- Emma Penrod
Emphasis on social media, seamless shopping experience give companies an edge with young consumers
After a recent trip to learn about the spending habits of young people in China, Larry Thomas, who oversees North American consumer research for global consulting firm Accenture, returned convinced the world is on the cusp of another retail revolution. “Ecommerce,” he said, “no longer exists.”
Social media is the new shopping mall, with 15% of consumers seeking holiday gifts on their favorite platform last year. But Millennials, and especially the younger Generation Z, don’t see the internet as a distinct place that exists outside the real world. Successful brands, Thomas said, are following international leaders into an omnichannel future where online shopping is indistinguishable from the brick-and-mortar experience in terms of customer service and ease of use.
On social media, Thomas explained, purchasing decisions are made within minutes. A Millennial might notice a new makeup trend—say a new color of eyeshadow—while surfing Instagram, They will quickly research key ingredients, compare prices, maybe even watch a few how-to videos. Then they’ll place an order and expect to pick up the product on the way home.
“In prior generations, you would shop for things on the weekend, when you had free time,” Thomas said. “Nowadays, younger consumers shop nonstop. It could be in a bus, on a break, during class, on a plane.”
While some have branded this behavior “impulsive,” Rebecca Brooks, founder of Los Angeles-based market research firm Alter Agents, thinks this trend is more closely tied to the value young consumers place on experience.
“People might be pushing to make decisions quickly because they have a lot of things they want to do with their time,” Brooks said. “There is this move toward your time being the most critical thing that you have, and recognizing that time has more value than money.”
The challenge for brands, then, is learning how to be present when the consumer wants to shop, wherever they want to shop. “When they come over to your Instagram and talk to you, they want you to be there,” said Jessica Thompson, founder and CEO of Yogo, a manufacturer of sustainable yoga products. “That is 100 percent an extension of your store. You have to be able to give them 100 percent full presence wherever you have your virtual media, because people expect it. If you’re not super responsive or helpful, you could lose a customer for life.”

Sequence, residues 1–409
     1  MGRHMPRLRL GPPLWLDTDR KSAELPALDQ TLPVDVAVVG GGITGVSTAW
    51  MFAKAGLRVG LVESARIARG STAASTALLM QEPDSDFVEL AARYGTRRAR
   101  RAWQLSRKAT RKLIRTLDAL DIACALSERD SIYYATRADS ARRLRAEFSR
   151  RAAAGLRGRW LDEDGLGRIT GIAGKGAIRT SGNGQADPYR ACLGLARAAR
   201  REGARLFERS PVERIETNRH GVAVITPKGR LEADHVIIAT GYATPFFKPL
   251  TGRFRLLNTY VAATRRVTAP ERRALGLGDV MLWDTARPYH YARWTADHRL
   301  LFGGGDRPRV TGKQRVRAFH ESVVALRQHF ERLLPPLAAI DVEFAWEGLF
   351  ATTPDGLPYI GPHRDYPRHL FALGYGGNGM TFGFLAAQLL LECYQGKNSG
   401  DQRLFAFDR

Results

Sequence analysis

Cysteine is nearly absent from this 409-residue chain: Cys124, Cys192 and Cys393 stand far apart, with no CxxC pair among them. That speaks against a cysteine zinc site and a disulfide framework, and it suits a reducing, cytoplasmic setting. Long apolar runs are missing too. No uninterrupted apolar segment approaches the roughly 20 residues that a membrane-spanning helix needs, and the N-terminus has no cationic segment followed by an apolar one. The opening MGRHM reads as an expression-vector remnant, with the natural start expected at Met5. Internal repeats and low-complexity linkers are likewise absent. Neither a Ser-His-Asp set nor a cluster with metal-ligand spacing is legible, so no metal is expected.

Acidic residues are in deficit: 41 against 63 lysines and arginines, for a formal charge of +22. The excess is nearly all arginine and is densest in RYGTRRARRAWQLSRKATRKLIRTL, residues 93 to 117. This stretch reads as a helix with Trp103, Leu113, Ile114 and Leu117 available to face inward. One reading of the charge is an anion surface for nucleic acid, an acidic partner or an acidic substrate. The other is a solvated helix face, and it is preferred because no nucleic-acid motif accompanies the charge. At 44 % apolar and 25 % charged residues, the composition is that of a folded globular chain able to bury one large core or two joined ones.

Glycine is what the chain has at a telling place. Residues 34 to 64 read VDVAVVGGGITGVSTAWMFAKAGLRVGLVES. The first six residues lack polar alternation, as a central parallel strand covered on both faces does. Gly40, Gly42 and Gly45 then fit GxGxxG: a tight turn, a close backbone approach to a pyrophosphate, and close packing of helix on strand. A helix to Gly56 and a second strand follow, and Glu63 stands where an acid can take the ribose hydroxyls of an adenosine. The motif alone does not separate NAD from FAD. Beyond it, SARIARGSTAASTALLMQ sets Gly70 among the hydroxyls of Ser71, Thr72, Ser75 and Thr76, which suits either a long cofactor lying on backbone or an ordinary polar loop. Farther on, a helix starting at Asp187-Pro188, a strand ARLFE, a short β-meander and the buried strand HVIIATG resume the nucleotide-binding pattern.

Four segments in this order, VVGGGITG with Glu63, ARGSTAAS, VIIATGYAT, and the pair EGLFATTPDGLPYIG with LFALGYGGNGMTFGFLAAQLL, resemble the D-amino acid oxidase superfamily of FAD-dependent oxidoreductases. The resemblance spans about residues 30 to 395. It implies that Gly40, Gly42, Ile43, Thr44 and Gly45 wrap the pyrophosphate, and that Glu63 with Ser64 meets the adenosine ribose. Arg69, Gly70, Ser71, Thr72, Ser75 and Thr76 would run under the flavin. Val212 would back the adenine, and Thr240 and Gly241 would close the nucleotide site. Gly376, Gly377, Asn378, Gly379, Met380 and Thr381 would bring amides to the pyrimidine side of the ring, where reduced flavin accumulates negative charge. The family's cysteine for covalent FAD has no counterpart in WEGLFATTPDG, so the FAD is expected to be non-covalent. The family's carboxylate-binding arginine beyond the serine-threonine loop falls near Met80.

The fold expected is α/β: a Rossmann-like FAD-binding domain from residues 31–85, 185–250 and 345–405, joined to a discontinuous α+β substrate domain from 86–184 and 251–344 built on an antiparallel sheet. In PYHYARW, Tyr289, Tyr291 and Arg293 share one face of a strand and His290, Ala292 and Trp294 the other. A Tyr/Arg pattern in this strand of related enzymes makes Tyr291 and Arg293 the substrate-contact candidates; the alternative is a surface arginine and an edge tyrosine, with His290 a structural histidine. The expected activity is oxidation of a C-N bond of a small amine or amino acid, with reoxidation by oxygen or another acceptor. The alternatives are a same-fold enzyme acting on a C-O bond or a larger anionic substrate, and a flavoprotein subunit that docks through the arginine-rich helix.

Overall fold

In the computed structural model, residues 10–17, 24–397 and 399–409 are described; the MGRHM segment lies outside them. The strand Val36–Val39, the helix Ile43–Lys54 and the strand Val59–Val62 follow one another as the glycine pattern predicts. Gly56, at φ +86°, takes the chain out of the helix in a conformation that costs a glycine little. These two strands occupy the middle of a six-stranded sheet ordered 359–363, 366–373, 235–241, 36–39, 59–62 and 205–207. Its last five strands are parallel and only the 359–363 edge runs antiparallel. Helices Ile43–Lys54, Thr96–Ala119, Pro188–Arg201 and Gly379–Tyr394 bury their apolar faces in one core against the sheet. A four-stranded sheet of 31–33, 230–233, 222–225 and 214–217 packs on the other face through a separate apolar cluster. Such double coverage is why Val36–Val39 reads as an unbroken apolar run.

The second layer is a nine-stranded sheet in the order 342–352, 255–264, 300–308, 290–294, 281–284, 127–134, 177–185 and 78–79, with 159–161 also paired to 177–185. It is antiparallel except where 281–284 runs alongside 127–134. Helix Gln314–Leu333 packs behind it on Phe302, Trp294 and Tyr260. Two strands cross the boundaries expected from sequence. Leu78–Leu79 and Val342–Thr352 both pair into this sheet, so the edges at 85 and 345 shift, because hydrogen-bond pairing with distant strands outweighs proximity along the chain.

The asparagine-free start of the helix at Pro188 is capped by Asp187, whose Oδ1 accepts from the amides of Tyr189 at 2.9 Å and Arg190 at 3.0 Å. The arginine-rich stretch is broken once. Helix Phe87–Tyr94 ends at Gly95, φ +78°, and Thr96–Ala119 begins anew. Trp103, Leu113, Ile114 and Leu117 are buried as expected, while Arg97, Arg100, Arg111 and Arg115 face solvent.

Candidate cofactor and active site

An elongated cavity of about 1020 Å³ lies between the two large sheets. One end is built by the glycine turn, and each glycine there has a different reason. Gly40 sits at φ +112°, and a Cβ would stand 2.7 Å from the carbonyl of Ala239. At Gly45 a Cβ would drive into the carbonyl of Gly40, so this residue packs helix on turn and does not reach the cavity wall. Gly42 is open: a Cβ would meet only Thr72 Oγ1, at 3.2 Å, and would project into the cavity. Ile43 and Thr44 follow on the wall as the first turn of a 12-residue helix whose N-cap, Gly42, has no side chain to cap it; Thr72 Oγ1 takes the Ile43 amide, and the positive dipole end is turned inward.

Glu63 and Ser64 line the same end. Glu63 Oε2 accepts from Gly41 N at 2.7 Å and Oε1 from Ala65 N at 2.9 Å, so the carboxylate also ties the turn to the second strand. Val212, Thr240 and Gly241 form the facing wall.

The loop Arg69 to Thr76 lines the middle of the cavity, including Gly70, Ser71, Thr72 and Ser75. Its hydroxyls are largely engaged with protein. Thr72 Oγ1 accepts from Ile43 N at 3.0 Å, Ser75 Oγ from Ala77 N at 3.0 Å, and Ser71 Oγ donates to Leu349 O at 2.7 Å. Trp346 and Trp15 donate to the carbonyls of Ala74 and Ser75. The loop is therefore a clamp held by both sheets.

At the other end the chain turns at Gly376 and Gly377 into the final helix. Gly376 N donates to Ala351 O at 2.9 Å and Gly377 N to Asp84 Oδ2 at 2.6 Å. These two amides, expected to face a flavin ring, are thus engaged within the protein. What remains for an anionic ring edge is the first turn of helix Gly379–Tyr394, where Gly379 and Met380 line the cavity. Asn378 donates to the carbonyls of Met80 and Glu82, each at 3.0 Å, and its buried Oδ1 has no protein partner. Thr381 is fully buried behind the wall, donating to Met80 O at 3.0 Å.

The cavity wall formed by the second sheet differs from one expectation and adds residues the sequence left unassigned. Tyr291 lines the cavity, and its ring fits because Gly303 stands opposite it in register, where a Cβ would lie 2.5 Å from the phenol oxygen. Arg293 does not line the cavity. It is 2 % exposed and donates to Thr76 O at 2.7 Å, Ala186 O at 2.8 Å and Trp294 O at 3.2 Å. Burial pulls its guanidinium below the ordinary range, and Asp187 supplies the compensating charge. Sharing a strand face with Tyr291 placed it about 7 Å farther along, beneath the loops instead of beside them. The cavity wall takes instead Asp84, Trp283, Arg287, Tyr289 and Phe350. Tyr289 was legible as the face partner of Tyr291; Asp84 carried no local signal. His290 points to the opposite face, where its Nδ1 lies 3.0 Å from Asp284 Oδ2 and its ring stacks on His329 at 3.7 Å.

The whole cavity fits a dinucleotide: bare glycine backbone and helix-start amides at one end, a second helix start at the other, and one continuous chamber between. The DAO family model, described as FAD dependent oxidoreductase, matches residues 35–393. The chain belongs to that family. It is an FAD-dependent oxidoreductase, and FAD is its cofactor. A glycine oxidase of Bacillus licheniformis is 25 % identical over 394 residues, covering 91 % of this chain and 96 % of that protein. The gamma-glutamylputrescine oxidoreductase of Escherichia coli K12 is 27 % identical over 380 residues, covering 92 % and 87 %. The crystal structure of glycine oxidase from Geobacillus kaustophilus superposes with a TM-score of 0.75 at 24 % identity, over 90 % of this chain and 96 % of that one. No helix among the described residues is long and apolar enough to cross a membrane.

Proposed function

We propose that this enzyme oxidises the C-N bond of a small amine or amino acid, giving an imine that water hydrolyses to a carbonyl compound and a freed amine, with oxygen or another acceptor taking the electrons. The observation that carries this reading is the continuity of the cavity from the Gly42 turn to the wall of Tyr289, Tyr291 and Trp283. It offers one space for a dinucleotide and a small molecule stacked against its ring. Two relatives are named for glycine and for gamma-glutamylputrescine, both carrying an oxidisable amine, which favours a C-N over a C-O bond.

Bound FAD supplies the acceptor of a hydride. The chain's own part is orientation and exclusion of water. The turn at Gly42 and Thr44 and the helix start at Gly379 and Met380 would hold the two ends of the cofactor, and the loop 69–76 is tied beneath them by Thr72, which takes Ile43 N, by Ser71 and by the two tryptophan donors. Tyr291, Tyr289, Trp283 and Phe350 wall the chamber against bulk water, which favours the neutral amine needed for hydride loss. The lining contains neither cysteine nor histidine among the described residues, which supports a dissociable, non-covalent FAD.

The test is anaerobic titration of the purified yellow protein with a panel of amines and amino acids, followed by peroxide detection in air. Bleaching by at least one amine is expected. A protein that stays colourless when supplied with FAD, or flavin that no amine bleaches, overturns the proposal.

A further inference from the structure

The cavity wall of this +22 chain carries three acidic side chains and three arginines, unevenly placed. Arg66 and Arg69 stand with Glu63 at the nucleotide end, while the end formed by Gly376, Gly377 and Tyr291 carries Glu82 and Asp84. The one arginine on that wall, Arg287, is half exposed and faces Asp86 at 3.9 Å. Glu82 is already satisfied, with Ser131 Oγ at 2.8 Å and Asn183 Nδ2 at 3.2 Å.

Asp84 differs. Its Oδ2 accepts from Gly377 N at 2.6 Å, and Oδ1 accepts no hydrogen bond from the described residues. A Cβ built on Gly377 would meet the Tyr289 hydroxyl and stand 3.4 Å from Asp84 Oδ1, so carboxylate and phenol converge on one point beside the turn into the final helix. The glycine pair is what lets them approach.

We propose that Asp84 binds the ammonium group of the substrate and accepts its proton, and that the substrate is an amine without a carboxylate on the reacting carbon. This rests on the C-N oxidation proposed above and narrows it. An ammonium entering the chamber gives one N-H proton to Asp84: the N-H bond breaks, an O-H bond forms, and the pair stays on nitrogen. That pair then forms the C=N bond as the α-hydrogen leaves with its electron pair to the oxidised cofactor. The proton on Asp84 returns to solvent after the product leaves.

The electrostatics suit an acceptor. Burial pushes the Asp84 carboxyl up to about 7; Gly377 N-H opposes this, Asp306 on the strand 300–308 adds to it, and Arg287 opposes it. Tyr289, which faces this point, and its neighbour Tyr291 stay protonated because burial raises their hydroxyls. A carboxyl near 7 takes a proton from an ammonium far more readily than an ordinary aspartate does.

Guaranteeing consumers a consistent, frictionless experience across ever-proliferating social platforms can be “a little bit like chasing cats,” Thompson said. But she doesn’t blame her customers for their short attention spans.
“It’s definitely happened to me,” she said. “The worst part of shopping online is when I have to get off the couch to get my credit card. I have to be in a supine position watching Netflix for the conversion to happen.”
Keeping up with it all is a lot harder than The 4-Hour Work Week implied, Thompson said. But Yogo has found success by making social media and other online channels “the bedrock foundation” of the company.
As an ecommerce company, she said, “you’re actually a media company, and that’s a ton of work. You want to have a streamlined production system, where you’re able to strategize and push out assets in a really systemic way. You have to really take the time to focus on all the tiny little details that will drive up conversion rates.”
Simply having a social media account isn’t enough, Thomas said, because the ‘if you build it, they will come’ mentality doesn’t really work for today’s consumers. Rather, brands need to go to the customers, wherever they may be—not just in stores or in their homes on a website, but on the commute, even at the restaurant where they hang out with friends.
“If you walk into a restaurant and as you walk in, you get a coupon, that’s pretty cool,” Thomas said. Three in five customers say they prefer retailers who make relevant recommendations, according to a survey by Accenture, and other firms have seen similar preferences for personalized advertising and more direct interaction with brands.
That can be hard for a small company, Thompson said. Yogo itself still lacks a physical headquarters, opting instead to invest in new technology and media trends.
“That’s how a scrappy upstart can steal market share from the incumbents,” she said. “By being really friendly, really present, and being really fresh and relevant.”
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